By Amy Ledig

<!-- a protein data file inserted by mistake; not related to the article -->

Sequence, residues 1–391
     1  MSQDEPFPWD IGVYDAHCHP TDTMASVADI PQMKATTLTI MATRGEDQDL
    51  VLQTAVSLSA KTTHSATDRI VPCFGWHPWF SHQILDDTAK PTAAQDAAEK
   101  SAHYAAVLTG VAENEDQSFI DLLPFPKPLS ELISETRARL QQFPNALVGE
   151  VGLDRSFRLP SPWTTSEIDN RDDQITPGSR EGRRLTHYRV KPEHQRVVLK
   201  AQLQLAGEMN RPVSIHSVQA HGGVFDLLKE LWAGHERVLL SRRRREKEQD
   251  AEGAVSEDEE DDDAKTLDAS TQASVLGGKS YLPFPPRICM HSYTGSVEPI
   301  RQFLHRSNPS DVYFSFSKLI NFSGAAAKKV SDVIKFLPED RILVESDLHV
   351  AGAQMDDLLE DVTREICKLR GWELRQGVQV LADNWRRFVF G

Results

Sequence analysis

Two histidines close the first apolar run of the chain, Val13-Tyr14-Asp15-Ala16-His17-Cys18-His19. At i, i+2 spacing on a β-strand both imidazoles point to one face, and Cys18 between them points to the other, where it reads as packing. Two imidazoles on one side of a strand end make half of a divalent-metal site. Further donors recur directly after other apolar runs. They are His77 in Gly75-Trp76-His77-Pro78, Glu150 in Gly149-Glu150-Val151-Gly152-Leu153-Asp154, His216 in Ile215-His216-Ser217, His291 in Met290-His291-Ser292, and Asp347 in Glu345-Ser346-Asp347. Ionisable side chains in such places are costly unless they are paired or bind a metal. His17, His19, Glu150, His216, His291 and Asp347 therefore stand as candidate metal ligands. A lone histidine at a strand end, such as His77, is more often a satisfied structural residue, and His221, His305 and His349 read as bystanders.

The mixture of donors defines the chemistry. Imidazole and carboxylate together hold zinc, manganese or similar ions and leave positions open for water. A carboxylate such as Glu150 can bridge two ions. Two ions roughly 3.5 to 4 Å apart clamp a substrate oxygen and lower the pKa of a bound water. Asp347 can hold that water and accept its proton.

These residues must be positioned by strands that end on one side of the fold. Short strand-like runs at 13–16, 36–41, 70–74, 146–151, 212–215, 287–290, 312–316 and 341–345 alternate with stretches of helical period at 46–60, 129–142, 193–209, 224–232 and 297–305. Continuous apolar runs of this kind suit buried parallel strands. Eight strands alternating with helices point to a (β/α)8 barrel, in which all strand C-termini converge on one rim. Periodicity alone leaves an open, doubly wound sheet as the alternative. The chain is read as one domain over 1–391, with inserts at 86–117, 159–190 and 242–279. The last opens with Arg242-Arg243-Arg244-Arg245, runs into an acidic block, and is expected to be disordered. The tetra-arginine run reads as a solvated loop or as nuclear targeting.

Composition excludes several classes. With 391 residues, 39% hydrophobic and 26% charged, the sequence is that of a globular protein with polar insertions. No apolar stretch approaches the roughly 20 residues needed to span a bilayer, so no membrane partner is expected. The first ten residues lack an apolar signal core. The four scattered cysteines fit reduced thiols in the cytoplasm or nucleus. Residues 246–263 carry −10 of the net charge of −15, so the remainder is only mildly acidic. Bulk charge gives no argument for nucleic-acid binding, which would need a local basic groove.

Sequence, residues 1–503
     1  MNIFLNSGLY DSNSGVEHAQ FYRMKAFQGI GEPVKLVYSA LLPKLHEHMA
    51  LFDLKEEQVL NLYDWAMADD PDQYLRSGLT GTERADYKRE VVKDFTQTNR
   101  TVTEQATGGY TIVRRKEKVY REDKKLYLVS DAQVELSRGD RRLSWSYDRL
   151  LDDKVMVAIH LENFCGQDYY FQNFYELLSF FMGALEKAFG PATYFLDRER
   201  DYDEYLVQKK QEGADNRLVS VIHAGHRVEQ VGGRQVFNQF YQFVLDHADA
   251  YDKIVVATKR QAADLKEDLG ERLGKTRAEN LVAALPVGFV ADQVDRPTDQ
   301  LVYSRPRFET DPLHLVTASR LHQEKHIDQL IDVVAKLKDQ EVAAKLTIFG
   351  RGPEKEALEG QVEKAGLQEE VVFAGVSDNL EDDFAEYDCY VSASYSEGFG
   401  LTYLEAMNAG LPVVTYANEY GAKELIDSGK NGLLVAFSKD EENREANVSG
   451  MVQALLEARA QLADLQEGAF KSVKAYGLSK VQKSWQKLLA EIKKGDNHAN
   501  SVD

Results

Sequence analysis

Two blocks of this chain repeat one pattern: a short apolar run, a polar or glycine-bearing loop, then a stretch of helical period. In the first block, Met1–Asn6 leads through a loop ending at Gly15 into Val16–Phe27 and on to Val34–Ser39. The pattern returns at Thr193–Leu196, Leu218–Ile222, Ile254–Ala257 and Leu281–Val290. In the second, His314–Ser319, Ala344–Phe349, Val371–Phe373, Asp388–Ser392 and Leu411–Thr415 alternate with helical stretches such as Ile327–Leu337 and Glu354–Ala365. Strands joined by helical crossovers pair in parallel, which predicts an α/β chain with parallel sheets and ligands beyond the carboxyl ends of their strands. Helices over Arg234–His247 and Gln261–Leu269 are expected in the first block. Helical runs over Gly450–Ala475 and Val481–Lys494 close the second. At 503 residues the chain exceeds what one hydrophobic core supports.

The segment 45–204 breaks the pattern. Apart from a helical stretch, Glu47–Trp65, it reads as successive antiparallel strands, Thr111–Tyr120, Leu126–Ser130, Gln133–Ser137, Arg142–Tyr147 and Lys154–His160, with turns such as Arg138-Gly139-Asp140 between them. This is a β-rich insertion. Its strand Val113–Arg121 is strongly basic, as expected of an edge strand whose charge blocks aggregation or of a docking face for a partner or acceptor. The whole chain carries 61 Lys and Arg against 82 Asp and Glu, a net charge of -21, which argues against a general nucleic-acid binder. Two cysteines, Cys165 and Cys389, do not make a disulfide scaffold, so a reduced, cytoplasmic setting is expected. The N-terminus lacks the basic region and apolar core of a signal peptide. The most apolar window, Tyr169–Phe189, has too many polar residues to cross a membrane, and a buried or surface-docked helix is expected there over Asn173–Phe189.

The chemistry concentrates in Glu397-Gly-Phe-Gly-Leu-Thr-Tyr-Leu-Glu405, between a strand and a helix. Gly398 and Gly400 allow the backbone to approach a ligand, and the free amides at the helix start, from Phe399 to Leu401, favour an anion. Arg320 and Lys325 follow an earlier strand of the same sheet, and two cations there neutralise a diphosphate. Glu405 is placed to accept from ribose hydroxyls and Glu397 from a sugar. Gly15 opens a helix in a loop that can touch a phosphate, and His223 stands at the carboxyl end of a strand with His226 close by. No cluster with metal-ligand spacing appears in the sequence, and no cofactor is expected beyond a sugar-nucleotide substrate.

Students settling back into campus received alerts from the Dean of Students office about two “bias incidents” in Wallace Hall, the sophomore dorm. The first incident, as described in Dean of Students Jim Hoppe’s message in The Daily Piper on Sept. 9, involved “derogatory comments against Jewish and gay people on a room door in a residence hall.” The second incident, which Hoppe detailed in his message sent to the college community on Sept. 11, occurred when “an unknown person drew a swastika on the door of a residence hall room.”In an e-mail after the first incident was reported in The Daily Piper, Hoppe wrote, “I am sad that this situation occurred, and of course have concerns about how it will impact the community, especially since it occurred so early in the year.” The college declined to provide details about the incidents, as the investigation is ongoing.Residential Hall Director Michael Klitzke and Associate Director of Res Life Peg Olson attended floor meetings on the floors affected, to talk to the residents about what happened and “let them know that it’s not typical this happened so early, but it’s [also] not typical Macalester, not typical of the Res halls,” Olson said.One question raised by these two incidents has been whether “bias incidents” in the dorms are on the rise. There were several such incidents last school year, particularly involving “sexually graphic graffiti.” Keith Edwards, director of Campus Life, made the argument that rather than being on the rise, bias incidents were being more widely reported. “These incidents appear periodically but I don’t see any trends in rise or decrease,” Edwards wrote in an email. “My sense is that the campus community is hearing about these incidents more because staff are better trained to respond to these issued by reporting them and the College does a better job of notifying the campus community.””A lot of how we raise awareness. has a good effect,” Hoppe said. “Someone who might think this is a funny joke and sees the reactions of their friends might think twice.”Olson said that when bias incidents involving things written on white boards or doors, such as the ones last week occur, the image is covered over until Security arrives to take a photo and document the situation. Hoppe said that the college’s first priority is to take care of the student impacted, and then follow up with the community. The college works with the student targeted to try to figure out who could be responsible, and investigates further. If the student targeted chooses to go forward with the process, the incident can be referred to the college Harassment Committee, which can then investigate and attempt to resolve the situation.”We work with residents to help identify who is responsible and to understand the impact these incidents can have on individuals and the community,” Edwards said. “We also ask students to report these issues and not just erase them or cover them up.